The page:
47. David Nieporent (now, with children) Posted: March 18, 2010 at 04:15 PM (#3481547)
The hate crime designation exists because by targeting people solely because of their gender, race, sexual orientation, etc., the assailant is seeking to terrorize a group of people and to let them know that their type is not only not welcome, but will be attacked or even killed simply because they exist.

I can see why some people have some issues with the "hate crime" concept, but it wouldn't be an issue if there weren't racist, homophobic people that keep trying to keep the institutionalized "Good Ol' Days" alive through acts of terror.
Assuming for the sake of argument that your arguments are valid, the problem is, "hate crime" laws have little to do with planned attacks by organized groups with some sort of larger agenda that you describe. They're generally applied, for obvious reason, to a guy who gets into a fight, and yells an epithet. Or a couple of bored teenagers who vandalize a synagogue and draw a swastika for shock value. ("Police believe alcohol was involved.")

(The "obvious reason" being that there just aren't very many Klan members around anymore. If these laws were limited to those sorts of situations, prosecutors would never get to use them, and wouldn't get to put out all those press releases at election time.)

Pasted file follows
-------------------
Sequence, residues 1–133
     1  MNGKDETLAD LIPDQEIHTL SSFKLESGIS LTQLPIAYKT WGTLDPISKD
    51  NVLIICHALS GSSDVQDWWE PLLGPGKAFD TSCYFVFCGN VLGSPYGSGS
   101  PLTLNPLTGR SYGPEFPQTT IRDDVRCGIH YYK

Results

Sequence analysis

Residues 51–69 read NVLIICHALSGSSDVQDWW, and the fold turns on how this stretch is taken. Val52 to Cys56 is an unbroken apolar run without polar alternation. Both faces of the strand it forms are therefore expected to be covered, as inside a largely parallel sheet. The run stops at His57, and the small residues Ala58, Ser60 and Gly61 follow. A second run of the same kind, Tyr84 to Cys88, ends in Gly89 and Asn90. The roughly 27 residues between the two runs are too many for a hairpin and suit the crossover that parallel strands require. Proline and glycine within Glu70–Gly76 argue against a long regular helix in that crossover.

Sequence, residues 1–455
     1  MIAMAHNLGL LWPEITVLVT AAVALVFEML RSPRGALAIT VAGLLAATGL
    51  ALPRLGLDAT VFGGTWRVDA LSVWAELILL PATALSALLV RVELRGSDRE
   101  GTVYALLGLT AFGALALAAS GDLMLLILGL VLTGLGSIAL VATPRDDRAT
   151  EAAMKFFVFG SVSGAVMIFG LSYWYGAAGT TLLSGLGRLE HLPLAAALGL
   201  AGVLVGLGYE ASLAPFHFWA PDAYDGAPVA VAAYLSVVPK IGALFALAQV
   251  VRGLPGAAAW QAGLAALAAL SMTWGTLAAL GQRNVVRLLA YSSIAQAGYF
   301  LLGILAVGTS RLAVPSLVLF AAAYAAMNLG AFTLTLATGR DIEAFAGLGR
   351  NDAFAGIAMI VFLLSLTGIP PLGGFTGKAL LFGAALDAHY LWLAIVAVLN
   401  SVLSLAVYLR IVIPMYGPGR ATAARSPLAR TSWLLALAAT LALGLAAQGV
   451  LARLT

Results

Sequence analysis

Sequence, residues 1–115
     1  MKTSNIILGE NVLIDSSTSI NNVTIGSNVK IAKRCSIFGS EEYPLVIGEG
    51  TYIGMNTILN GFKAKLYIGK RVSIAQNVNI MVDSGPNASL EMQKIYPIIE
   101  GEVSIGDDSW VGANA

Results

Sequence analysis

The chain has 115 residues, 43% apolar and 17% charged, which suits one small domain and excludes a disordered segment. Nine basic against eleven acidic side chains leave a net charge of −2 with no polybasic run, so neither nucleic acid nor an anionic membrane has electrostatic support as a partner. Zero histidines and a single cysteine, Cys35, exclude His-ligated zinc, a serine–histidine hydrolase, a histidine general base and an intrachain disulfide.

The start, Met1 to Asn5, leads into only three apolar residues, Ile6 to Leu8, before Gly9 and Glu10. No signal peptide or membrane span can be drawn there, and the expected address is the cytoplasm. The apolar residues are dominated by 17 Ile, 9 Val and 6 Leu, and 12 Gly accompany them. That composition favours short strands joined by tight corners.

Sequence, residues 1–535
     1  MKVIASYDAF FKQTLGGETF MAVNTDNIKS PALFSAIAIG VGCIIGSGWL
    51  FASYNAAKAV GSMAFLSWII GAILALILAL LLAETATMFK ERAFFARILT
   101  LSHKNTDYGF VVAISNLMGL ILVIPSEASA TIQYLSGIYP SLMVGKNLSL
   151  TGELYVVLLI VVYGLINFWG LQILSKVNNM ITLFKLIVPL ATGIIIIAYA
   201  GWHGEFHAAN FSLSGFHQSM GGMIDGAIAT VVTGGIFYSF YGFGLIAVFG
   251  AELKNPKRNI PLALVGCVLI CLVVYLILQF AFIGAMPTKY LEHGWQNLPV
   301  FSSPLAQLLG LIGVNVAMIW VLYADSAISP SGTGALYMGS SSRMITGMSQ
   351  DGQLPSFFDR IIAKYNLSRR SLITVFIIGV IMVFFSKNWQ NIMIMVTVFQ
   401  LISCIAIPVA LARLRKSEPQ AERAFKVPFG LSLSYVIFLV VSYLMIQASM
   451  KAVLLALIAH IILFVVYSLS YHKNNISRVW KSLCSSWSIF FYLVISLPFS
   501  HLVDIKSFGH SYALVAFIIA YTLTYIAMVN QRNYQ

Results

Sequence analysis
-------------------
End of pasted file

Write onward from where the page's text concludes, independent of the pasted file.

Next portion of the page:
48. Bring Me the Head of Alfredo Griffin (Vlad) Posted: March 18, 2010 at 04:19 PM (#3481554)
So who left the Rangers org after last year without a glowing recommendation?


Vicente Padilla?
   49. snapper (history's 42nd greatest monster) Posted: March 18, 2010 at 04:37 PM (#3481566)
For those of you interested in hate crimes, this was a nice introspective article written by a white victim of a black assailant.

Very good article.

My reaction, who gives a #### if it was a hate crime. This "kid" attacked an innocent man with no provocation and caused serious injuries. 16 is plenty old enough to be tried as an adult. He should have gotten 3 to 5 for aggravated assault. That he got off with probabtion is unconscionable.
   50. Ellis Valentine's Bright Future Posted: March 18, 2010 at 04:39 PM (#3481568)